Since this is ski mountaineering, we soon had our skis on our packs and crampons on our boots for the climb up over the col. The south facing slope had gotten lots of melt-refreeze action and the icy surface made us thankful for crampons and ice axes.

Climbing up Sharkfin Col.

As we topped out on the col the winds picked up and clouds began closing in. The next day's forecast was for clearing with high pressure. Going over the col is committing as it would be difficult to reverse our path once we rappelled onto the Boston Glacier. We put our faith in NOAA and made the short rappel down the north side.

Rappelling down from Sharkfin Col onto the Boston Glacier.

Sure enough visibility went from poor to pathetic. Looking into the fog across a heavily crevassed glacier we decided to leave it for morning, dig in for the night and hope those forecasters are right.

Skinning across the Boston Glacier at dawn.

Snow fell through the night. We would occasionally bump the snow off the tarp covering our snow cave to keep it from collapsing. Finally after hot drinks in the morning things were improving. We could make out the mountains and glacier in the predawn light so we got going under headlamps. We had just enough light to enjoy some delightful powder turns down to the low point on this glacier crossing. Soon we were skinning up to the next col enjoying the light show that is a mountain sunrise.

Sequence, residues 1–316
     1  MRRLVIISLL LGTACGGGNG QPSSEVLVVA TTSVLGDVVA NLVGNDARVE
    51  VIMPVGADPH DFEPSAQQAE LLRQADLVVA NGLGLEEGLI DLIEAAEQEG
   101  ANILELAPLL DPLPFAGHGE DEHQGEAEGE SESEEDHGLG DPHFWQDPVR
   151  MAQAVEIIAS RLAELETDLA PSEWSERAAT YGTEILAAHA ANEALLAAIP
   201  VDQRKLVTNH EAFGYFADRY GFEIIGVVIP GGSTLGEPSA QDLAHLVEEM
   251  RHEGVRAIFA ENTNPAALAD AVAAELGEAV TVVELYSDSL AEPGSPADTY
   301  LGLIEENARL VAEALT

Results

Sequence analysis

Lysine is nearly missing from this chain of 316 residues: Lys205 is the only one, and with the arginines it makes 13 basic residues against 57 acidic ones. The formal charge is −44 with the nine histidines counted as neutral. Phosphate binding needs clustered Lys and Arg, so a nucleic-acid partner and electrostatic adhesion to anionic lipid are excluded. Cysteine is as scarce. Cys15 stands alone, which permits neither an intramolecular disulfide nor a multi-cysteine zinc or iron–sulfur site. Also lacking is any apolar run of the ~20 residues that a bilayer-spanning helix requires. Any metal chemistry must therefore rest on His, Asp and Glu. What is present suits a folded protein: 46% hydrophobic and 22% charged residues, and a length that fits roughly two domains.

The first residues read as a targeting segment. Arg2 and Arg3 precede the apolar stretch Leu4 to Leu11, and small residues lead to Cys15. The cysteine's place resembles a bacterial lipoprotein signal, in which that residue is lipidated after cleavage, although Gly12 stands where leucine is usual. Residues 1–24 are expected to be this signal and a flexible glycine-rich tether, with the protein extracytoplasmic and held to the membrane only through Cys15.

Crossing the Boston Glacier approaching the North Ridge Col.

A quick boot climb got us up over the col at the base of Forbidden's North Ridge. This would put us on the top of the Forbidden Glacier leading west towards Moraine Lake.

Booting up the North Ridge Col.

The decent to Moraine Lake is not just the quintessential leg of this tour, but perhaps of North Cascades ski touring. 3,000' of glacier and rolling terrain under the mighty north faces of Forbidden Peak and Mount Torment, the ridge between clad in hanging ice, looking across at Eldorado Peak with its glacial mantle, Moraine Lake far far below; a tremendous place to be.

Looking across at Eldorado Peak from the top of the Forbidden Glacier.

The skiing on this day was good, we had perhaps hoped for perfect, but we'd settle for the slightly wind effected powder that we had. The scenery certainly made up for it.

Skiing down the Forbidden Glacier to Moraine Lake.